It was for Waterworld, the 1995 adventure flick and one of the biggest flops in Hollywood history.
Then Hitler discovered Karl May's adventure stories of the American West, which obsessed him for the rest of his life.
It was time to loosen these constraints, let the plot freely borrow from whatever genre it pleased: adventure, Bollywood, fantasy.
c.1200, auenture "that which happens by chance, fortune, luck," from Old French aventure (11c.) "chance, accident, occurrence, event, happening," from Latin adventura (res) "(a thing) about to happen," from adventurus, future participle of advenire "to come to, reach, arrive at," from ad- "to" (see ad-) + venire "to come" (see venue).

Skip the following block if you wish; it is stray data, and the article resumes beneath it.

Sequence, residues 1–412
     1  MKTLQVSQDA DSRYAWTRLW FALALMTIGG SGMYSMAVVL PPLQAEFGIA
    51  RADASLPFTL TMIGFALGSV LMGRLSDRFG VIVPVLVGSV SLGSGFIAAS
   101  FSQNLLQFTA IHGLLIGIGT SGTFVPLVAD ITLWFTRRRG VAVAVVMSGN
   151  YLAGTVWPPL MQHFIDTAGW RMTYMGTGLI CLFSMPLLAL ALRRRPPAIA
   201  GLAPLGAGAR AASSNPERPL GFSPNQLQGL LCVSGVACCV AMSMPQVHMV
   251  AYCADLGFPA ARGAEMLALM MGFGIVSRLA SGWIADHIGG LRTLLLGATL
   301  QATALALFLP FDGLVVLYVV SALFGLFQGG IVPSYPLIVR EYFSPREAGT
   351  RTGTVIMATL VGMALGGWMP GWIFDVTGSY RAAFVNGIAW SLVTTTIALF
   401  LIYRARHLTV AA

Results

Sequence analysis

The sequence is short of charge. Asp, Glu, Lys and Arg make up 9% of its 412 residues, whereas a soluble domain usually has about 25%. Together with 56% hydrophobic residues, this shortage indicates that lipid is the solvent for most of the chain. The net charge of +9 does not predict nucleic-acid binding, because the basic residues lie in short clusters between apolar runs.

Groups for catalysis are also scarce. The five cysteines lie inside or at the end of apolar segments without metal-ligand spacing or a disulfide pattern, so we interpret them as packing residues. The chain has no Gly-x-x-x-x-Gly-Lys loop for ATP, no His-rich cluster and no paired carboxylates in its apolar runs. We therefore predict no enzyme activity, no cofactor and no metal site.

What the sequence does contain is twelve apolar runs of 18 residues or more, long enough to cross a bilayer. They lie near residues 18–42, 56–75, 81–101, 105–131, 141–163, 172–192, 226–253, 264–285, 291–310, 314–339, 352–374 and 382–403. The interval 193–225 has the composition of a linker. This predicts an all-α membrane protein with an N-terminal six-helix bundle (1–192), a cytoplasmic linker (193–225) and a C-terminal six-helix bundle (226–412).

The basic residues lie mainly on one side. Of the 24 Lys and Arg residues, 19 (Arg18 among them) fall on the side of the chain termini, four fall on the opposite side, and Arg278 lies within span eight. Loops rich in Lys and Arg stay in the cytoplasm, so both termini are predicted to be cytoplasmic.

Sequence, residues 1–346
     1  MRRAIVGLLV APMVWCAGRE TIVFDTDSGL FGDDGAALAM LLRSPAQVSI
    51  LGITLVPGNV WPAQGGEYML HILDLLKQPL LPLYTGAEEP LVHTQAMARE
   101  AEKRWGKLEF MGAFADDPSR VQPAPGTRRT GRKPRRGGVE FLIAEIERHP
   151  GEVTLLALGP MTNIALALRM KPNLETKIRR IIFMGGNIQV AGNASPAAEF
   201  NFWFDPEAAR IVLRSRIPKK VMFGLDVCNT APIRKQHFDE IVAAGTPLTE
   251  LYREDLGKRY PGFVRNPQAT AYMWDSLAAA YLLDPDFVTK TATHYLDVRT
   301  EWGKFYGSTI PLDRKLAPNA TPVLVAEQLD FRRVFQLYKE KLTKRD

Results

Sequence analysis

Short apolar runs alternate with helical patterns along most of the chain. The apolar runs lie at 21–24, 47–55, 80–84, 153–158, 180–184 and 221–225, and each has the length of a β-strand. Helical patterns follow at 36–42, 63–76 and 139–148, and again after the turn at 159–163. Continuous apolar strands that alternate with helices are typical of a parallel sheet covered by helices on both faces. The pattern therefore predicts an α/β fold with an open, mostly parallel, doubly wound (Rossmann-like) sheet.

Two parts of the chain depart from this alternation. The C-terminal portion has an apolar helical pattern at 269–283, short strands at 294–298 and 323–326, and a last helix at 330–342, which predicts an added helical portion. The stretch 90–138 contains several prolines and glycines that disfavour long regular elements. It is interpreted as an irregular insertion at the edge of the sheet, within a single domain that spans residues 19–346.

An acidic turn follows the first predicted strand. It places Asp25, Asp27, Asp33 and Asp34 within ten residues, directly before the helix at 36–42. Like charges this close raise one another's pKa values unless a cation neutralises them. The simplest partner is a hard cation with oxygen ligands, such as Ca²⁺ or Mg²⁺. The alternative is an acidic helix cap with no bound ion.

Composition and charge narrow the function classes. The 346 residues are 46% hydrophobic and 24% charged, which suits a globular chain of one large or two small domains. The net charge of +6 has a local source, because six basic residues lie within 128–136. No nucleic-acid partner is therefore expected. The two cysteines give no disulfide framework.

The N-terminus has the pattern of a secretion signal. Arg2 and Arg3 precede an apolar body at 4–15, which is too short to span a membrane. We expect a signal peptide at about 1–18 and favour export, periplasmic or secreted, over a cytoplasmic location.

Meaning developed through "risk/danger" (a trial of one's chances), c.1300, and "perilous undertaking" (late 14c.) and thence to "a novel or exciting incident" (1560s). Earlier it also meant "a wonder, a miracle; accounts of marvelous things" (13c.). The -d- was restored 15c.-16c. Venture is a 15c. variant.
c.1300, "to risk the loss of," from adventure (n.). Meaning "to take a chance" is early 14c. Related: Adventured; adventuring.